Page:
For older adults in Henrico County, Va., it only takes one phone call to the county’s advocate for the aging to access a “one-stop shop” of services and resources to help meet their needs.
The number of citizens 65 years and older in Henrico County is projected to increase 61 percent from the year 2000 to 2020. With the anticipated change in demographics, the county surveyed citizens in 2014 to identify the needs of older adults. The survey found many individuals were unaware of the services the county provided for the aging population.
Henrico County formed a task force on aging and recommended to the board of supervisors the creation of an Advocate for the Aging position to be the voice for older adults and serve as a liaison between county departments, according to Paula Reid, director of Human Services at Henrico County.
Sara Morris, Henrico County’s current Advocate for the Aging, said her position focuses on three areas: Care coordination, outreach efforts and educational events.
She works with county residents 65 years and older, their families and caregivers to help navigate county resources and connect them to helpful resources within the community.
Morris said the top three phone calls she receives relate to housing issues, affordable in-home care and assistance with exterior home maintenance.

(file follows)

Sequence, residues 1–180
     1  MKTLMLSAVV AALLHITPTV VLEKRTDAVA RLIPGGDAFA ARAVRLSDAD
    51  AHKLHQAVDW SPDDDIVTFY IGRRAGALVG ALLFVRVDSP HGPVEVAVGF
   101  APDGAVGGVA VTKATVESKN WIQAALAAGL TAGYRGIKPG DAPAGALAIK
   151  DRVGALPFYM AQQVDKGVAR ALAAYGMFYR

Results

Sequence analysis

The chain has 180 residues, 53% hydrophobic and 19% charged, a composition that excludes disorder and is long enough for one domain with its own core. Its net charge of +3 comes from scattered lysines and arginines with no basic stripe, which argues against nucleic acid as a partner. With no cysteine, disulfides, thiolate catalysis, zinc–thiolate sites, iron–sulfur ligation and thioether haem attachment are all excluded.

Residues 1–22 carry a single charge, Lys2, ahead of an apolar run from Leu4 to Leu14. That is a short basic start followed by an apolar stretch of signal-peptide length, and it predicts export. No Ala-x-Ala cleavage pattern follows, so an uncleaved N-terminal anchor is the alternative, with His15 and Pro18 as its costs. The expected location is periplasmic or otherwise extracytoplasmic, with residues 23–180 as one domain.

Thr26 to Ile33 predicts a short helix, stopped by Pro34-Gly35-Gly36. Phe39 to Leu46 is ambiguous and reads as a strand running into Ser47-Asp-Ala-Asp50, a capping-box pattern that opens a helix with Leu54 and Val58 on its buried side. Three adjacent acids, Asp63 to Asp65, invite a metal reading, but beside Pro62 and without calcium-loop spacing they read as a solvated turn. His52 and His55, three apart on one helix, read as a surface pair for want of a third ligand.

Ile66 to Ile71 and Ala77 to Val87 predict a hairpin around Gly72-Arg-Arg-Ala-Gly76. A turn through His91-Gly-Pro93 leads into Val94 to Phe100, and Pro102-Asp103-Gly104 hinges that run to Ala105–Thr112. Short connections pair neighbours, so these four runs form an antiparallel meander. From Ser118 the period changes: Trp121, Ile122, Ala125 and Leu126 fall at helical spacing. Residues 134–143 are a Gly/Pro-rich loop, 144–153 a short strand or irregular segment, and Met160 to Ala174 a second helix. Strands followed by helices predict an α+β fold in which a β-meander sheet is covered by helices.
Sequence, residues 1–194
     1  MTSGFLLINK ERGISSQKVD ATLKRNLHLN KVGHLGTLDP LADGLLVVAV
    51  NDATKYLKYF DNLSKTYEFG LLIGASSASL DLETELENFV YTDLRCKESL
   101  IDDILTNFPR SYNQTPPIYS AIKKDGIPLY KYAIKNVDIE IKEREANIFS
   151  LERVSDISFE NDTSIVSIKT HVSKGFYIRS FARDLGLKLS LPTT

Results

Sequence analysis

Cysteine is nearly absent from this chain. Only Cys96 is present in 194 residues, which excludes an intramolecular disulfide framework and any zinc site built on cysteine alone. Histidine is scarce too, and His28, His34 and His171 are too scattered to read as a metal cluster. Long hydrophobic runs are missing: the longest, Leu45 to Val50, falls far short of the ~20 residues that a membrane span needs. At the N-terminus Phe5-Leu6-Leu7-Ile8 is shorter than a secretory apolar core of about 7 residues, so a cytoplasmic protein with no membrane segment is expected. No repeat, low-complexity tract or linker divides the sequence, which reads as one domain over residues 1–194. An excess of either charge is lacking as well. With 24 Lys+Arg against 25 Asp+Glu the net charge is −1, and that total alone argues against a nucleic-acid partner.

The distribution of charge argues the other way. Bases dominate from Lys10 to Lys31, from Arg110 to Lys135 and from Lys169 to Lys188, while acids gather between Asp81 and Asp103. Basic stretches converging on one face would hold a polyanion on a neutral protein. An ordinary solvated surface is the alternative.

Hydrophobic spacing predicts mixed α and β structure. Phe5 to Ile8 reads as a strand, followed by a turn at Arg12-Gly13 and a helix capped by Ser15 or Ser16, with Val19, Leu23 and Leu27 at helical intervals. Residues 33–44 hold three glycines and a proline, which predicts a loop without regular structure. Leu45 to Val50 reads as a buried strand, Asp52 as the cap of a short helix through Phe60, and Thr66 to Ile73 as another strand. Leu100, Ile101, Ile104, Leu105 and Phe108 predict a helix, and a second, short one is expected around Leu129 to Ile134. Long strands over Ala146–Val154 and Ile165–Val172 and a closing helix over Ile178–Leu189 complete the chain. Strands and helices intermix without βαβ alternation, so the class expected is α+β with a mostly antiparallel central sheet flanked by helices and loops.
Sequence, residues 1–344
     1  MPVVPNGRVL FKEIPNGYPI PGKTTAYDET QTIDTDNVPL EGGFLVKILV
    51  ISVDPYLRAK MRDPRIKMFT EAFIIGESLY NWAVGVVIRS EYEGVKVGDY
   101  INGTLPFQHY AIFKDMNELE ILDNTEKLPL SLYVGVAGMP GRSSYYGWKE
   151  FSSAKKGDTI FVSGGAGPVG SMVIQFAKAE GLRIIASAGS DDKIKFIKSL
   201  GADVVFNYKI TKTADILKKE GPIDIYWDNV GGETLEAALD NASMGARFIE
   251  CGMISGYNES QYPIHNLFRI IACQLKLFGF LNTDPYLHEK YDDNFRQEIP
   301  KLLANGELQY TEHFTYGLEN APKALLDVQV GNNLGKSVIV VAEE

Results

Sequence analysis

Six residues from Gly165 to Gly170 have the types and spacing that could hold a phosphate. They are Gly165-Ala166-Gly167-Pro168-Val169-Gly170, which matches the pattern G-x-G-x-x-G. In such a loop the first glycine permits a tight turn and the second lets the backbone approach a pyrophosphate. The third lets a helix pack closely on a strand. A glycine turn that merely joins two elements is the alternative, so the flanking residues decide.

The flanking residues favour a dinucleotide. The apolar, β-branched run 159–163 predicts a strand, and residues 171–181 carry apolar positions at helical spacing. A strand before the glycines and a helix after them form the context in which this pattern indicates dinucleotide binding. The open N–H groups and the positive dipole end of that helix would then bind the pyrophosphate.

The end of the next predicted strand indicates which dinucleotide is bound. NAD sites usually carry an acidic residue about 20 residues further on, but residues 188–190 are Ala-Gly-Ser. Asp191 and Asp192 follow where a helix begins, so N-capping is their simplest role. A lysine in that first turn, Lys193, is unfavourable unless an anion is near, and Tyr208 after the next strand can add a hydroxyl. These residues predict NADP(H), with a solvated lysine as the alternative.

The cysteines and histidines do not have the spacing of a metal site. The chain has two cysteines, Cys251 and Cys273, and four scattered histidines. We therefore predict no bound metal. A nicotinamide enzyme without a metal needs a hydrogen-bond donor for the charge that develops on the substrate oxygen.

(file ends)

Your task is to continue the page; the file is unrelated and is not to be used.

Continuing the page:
“I think the neat thing about this position is it’s a one-stop shop,” she said. “People don’t have to go through being transferred from department to department and maybe not finding out about something that could be useful.”
Reid said the advocate for the aging position does not establish new services, but instead works to educate older adults on services the county already provides to find programs that meet their needs.
As the advocate for the aging, Morris said she finds out about community organizations and partner agencies to share those resources with others. She holds focus groups twice per year to listen to members of the community and tailor programming to county residents.
Reid said the county worked to inform residents about the position through town hall meetings, the county’s public relations department, a website, a newsletter and through posts on social media.
“We really tried to make the position known through a variety of different formal communication ways as well as that grassroots effort,” Reid said.
Morris and Reid both agreed that a key factor to establishing the advocate for the aging position involved pulling together services and resources the county already provided to meet the needs of older adults.
“I think it adds a lot of value to have one person that’s focused on the aging community because it helps the county as we’re thinking strategically,” Reid said.